Verse 23 is a description of discipleship that sums up what Jesus wants from His followers. It is a description too often overlooked because it is difficult.
23 Then he said to them all: “If anyone would come after me, he must deny himself and take up his cross daily and follow me. 24 For whoever wants to save his life will lose it, but whoever loses his life for me will save it. 25 What good is it for a man to gain the whole world, and yet lose or forfeit his very self? 26 If anyone is ashamed of me and my words, the Son of Man will be ashamed of him when he comes in his glory and in the glory of the Father and of the holy angels. 27 I tell you the truth, some who are standing here will not taste death before they see the kingdom of God.” (22-27)
The Requirements. Jesus gives the job description of a true follower. Jesus said we need to do three things. The first thing we must do is deny ourselves. This is more than simply denying certain foods to help us lose weight. To deny ourselves means to set aside our urges, desires and passions and to do it every day.
There is good reason for this command: our desires are corrupted by our sinful nature. We have become so skilled at rebelling against God that we are experts at justifying whatever it is that we want. We can see this in some areas of our life. We really want to buy something but we don’t have the money. The facts don’t matter because we convince ourselves that it will be a “good investment” (it will make us more relaxed which will in turn make us more productive in the long run) or “we deserve this” or “we all need to splurge once in a while” (how often is “once in a while?)
We can’t trust our desires, passions or our longings. Instead we need to set those things aside. We must decide to refuse to let these things influence us. This certainly is much easier said than done. To do this we need to be led by something else. We need to pursue something that is better than merely satisfying our whims and desires. We’ll see that Jesus is calling us to be “sold out” or controlled by our desire to honor Him.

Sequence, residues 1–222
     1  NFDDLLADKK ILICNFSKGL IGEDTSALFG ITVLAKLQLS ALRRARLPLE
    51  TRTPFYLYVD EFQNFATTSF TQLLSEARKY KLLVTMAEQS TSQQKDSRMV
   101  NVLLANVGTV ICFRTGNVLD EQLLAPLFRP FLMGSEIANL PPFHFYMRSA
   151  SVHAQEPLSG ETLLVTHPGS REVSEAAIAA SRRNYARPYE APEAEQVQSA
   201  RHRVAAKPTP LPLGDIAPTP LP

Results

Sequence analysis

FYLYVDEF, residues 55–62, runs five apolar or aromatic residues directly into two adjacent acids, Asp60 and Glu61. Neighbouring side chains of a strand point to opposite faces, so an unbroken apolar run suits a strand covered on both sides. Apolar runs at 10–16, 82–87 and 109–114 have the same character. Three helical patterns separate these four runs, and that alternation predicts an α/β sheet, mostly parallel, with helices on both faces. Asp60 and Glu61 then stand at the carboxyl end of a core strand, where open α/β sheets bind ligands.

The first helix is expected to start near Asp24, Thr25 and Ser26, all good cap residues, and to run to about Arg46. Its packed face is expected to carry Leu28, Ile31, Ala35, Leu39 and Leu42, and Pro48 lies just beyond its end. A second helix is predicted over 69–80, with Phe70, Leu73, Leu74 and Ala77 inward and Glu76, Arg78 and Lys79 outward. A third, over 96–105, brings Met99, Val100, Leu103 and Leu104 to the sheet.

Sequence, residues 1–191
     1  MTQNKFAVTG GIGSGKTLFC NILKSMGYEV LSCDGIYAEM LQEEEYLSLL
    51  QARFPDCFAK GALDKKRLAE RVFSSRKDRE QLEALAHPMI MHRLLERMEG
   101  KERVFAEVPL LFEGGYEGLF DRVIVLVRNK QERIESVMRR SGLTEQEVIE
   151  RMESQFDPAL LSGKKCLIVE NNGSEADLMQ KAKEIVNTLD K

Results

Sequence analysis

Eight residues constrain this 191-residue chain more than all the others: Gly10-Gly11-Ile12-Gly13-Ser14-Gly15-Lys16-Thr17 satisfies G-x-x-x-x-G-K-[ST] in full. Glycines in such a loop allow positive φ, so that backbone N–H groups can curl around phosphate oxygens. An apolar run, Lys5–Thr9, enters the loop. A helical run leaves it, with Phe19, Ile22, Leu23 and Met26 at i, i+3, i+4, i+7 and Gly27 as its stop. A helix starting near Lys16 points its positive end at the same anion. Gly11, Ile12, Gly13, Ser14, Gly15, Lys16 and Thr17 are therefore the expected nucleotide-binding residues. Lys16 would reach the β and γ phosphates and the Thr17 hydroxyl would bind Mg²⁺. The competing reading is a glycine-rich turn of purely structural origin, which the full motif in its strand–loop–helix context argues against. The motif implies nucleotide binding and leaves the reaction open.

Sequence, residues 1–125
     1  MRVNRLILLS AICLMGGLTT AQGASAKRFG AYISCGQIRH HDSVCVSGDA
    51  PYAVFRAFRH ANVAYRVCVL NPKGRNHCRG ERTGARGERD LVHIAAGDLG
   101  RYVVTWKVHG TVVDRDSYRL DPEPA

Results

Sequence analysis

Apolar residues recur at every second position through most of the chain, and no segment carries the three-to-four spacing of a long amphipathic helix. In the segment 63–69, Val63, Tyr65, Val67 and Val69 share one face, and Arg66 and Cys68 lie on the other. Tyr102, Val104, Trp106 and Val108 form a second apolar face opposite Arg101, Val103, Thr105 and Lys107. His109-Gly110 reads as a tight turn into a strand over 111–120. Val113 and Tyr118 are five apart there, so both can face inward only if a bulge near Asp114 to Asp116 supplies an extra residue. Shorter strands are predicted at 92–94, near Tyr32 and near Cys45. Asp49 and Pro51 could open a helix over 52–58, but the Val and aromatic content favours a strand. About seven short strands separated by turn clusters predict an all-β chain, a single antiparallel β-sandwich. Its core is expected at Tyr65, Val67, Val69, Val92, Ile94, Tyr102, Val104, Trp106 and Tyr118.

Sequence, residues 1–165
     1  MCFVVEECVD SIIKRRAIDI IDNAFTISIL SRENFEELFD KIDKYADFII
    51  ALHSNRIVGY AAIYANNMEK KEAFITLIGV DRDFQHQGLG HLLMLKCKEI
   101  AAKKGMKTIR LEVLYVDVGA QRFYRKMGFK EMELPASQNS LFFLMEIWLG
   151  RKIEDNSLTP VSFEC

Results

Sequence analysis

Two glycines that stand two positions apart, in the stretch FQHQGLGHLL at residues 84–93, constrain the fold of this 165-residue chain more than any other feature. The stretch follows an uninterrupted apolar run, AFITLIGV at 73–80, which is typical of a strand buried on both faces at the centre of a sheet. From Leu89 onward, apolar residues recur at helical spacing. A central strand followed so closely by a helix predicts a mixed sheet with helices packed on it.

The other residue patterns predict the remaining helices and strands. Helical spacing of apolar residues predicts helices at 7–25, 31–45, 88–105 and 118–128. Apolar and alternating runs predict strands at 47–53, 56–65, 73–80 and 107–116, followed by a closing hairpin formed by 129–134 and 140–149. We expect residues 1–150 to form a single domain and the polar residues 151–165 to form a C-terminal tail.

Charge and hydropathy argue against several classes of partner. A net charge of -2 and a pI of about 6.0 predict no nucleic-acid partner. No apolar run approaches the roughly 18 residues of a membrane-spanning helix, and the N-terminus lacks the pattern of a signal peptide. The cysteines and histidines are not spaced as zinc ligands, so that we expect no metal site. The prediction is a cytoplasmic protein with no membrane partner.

Second Jesus tells us that we must take up our cross. In our popular vernacular “bearing a cross” is used to describe any hardship we have in our life. It can be a difficult spouse, a meddling mother-in-law, a cantankerous employer, a nagging health problem, or a rebellious child. But those things are just part of normal living. This is not what Jesus is talking about.
Taking up our cross means that we are to be willing to suffer if that is what it takes to serve and honor the Lord. Pastor and author Francis Chan writes,
Jesus is calling us to be willing to suffer anything and forsake everything for the sake of the gospel. His call is to love those who have cheated us in business; those who have spread nasty rumors about us; those who would kill us if they could; those who disagree with us politically, practically, and fundamentally. His call is to consider everything a loss for his sake. He calls for total surrender. He calls us to give up all that we have, to give even to the point of offering up our lives as a living sacrifice. His call means realizing that His power is made perfect in our weakness, that when we are weak we are also strong (2 Cor. 12:9-10).